William E. Burns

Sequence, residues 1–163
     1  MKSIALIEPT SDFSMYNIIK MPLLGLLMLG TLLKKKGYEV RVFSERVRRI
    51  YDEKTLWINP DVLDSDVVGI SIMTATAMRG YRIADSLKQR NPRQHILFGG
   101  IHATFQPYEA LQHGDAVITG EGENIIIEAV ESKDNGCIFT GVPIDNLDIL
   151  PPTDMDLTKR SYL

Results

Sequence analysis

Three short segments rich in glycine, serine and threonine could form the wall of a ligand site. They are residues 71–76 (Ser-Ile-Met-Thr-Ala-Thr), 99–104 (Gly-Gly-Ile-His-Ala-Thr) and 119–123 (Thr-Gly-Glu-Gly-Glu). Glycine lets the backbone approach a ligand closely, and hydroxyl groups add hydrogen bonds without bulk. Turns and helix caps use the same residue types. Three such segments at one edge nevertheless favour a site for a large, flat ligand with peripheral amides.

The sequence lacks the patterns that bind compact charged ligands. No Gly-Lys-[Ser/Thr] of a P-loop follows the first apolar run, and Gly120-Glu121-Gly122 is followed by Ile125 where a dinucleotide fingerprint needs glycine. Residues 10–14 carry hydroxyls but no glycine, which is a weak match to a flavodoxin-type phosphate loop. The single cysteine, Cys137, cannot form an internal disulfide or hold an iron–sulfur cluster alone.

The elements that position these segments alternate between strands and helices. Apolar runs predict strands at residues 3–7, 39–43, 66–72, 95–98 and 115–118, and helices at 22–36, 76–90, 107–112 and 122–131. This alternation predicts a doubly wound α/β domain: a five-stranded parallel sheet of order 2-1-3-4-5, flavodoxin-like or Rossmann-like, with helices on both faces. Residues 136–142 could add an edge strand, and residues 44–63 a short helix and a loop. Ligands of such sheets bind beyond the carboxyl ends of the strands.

From the wicked witch of children's stories to Halloween and present-day Wiccan groups, witches and witchcraft still fascinate observers of Western culture. Witches were believed to affect climatological catastrophes, put spells on their neighbours and cavort with the devil. In early modern Europe and the Americas, witches and witch-hunting were an integral part of everyday life, touching major events such as the Reformation and the Scientific Revolution, as well as politics, law, medicine and culture. From early sorcery trials of the 14th century - associated primarily with French and Papal courts - to the witch executions of the late 18th century, this title's entries cover witch-hunting in individual countries; major witch trials from Chelmsford, England, to Salem, Massachusetts; and significant individuals from famous witches to the devout persecutors. Entries such as the evil eye, familiars, and witch-finders cover specific aspects of the witch-hunting process, while entries on writers and modern interpretations provide insight into the current thinking on early modern witch hunts.